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Discussion Starter #1
I'm having a co-worker who is a mechanical engineer and drag racer who builds his own engines (and others) rebuild my '72 400 engine. He rebuilt the lower end and heads and assembled on block. He used ARP head bolts. But, I need the special head bolts that have studs. He didn't know that, because my engine was apart when I bought it with no bolts. Is it ok to replace these one at a time and torque, or should all bolts be loosened and start the sequence from scratch. I haven't discussed this with him yet, but he probably knows what to do.
 

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I'm having a co-worker who is a mechanical engineer and drag racer who builds his own engines (and others) rebuild my '72 400 engine. He rebuilt the lower end and heads and assembled on block. He used ARP head bolts. But, I need the special head bolts that have studs. He didn't know that, because my engine was apart when I bought it with no bolts. Is it ok to replace these one at a time and torque, or should all bolts be loosened and start the sequence from scratch. I haven't discussed this with him yet, but he probably knows what to do.
Here is what you should check. Sometimes the ARP bolts have a little different torque spec than the factory spec. Looking at the ARP website, it would appear the ARP head bolts torque down to 100 ft lbs. The factory head bolt torque is listed as 95 ft lbs. The ARP vs factory bolts are most likely of 2 different metal compositions. Not only is there a slight difference in torque values, but maybe in bolt material - so you could develop a problem by mixing them.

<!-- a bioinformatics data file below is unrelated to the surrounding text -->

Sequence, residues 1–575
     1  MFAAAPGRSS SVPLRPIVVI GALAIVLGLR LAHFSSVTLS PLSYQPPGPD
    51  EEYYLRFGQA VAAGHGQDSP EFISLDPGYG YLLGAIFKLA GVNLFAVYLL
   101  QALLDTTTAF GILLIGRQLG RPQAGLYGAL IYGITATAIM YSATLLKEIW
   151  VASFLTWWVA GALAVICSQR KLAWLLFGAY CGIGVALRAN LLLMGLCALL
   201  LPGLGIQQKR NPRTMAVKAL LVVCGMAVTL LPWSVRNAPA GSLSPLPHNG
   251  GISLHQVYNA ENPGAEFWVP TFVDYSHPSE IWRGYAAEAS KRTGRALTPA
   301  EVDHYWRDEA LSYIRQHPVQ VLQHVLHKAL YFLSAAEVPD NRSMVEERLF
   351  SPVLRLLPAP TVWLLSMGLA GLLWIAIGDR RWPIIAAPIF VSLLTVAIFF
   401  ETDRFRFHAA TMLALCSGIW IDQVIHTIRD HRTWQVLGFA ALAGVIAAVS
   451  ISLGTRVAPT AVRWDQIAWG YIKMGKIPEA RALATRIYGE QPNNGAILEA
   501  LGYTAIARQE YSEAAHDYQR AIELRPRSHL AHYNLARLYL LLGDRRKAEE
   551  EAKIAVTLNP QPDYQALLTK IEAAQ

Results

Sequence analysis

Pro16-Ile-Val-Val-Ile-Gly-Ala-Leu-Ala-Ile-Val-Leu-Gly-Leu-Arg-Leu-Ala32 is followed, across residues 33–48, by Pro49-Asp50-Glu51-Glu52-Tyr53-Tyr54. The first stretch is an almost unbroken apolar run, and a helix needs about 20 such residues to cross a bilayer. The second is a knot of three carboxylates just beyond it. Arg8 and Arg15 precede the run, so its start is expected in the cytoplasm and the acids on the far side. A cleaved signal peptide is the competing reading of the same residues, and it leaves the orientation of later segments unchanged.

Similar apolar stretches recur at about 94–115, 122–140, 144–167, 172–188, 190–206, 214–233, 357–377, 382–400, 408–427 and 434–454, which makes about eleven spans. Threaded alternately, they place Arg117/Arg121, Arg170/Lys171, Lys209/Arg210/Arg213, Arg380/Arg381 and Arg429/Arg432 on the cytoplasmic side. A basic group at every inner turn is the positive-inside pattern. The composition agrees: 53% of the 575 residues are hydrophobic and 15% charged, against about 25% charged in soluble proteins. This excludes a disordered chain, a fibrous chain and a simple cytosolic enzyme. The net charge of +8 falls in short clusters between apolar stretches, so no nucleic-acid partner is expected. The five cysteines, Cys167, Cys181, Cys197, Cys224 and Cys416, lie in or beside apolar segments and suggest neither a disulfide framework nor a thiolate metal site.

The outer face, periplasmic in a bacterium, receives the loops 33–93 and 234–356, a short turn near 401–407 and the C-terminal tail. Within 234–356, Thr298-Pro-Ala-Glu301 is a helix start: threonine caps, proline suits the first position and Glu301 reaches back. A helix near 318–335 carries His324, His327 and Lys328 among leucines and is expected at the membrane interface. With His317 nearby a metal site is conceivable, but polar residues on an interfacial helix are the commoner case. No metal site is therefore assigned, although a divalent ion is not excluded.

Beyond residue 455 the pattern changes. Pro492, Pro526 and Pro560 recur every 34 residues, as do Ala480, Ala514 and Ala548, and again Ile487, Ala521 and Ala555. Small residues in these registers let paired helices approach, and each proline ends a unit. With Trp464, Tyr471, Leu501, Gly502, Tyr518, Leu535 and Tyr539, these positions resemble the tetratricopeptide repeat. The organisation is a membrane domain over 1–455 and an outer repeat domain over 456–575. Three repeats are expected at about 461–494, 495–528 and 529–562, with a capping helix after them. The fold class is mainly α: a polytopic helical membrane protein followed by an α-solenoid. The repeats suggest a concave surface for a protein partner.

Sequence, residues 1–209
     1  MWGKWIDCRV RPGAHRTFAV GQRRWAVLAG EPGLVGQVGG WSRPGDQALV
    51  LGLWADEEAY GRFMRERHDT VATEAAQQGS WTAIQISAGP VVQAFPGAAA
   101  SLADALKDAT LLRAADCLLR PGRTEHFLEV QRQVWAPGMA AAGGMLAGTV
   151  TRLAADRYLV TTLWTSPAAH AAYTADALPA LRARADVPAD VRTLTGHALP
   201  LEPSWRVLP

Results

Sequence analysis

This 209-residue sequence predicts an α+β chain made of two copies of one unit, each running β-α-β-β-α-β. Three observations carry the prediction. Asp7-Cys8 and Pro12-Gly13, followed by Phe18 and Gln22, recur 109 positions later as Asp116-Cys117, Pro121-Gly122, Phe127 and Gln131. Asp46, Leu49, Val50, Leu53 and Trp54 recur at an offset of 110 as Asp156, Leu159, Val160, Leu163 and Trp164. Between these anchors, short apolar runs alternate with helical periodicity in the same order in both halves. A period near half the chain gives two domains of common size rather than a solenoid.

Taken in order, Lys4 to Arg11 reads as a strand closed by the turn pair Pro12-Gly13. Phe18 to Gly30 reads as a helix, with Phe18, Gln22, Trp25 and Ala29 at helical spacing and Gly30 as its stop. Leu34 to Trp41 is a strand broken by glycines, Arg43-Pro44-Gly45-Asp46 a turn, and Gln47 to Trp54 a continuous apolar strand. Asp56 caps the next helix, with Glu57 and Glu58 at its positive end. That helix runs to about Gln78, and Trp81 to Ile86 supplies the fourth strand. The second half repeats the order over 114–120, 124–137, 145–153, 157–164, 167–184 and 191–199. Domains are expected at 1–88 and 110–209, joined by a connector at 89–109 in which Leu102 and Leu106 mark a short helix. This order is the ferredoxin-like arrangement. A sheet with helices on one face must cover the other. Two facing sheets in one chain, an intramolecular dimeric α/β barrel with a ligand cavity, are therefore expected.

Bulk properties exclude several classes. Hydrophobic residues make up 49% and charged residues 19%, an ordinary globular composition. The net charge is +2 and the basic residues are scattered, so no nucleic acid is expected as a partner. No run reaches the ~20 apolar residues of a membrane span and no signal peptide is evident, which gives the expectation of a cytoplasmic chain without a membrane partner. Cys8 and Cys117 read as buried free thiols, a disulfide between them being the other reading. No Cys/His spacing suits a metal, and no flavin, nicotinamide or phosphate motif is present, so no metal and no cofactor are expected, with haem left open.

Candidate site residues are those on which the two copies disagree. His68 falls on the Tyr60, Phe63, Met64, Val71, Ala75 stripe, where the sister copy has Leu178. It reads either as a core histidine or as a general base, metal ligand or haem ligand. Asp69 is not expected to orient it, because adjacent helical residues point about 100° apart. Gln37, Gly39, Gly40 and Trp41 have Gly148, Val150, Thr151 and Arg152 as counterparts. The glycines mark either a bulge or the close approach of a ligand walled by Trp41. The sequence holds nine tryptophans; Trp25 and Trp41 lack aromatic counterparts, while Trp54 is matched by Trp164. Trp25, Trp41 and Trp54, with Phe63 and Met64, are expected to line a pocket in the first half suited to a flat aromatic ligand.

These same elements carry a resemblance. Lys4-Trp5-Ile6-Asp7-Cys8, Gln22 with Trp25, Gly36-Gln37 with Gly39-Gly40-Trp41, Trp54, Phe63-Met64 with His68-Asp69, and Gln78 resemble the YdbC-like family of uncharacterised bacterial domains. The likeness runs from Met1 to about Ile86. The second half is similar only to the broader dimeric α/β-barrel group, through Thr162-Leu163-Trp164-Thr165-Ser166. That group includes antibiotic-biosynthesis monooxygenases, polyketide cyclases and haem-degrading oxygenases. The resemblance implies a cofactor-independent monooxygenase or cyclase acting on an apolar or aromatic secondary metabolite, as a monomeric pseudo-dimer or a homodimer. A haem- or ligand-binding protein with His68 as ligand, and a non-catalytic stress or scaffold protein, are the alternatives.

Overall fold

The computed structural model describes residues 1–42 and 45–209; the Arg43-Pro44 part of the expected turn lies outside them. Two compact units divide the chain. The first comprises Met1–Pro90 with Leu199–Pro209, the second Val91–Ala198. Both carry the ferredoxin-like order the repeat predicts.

I would contact ARP to get your best answer if you are going to mix ARP and factory bolts.
 

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Discussion Starter #3
My dilemma is if I decide to leave the stud off, where do I attach some of the wiring (AC) or whatever else hangs on the stud? I also have chrome valve covers with no baffles. So, I'm not sure if this engine came stock with the oil drippers either. Anyone know? I also see pushrod guide plates offered and am not sure if I'm suppose to have those attached either. Anyone?
 

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If you want to replace them (all of the bolts), I have used the one by one method many times without issue.....That said I would likely just keep the ARP bolts as they are great. As PH pointed out, you don't want to mix the two bolts though.